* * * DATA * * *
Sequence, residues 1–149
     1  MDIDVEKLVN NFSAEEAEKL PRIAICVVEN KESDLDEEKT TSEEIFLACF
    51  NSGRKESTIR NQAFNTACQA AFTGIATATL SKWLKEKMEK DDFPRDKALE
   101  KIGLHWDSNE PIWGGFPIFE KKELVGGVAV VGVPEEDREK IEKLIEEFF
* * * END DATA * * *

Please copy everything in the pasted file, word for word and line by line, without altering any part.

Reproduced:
Sequence, residues 1–149
     1  MDIDVEKLVN NFSAEEAEKL PRIAICVVEN KESDLDEEKT TSEEIFLACF
    51  NSGRKESTIR NQAFNTACQA AFTGIATATL SKWLKEKMEK DDFPRDKALE
   101  KIGLHWDSNE PIWGGFPIFE KKELVGGVAV VGVPEEDREK IEKLIEEFF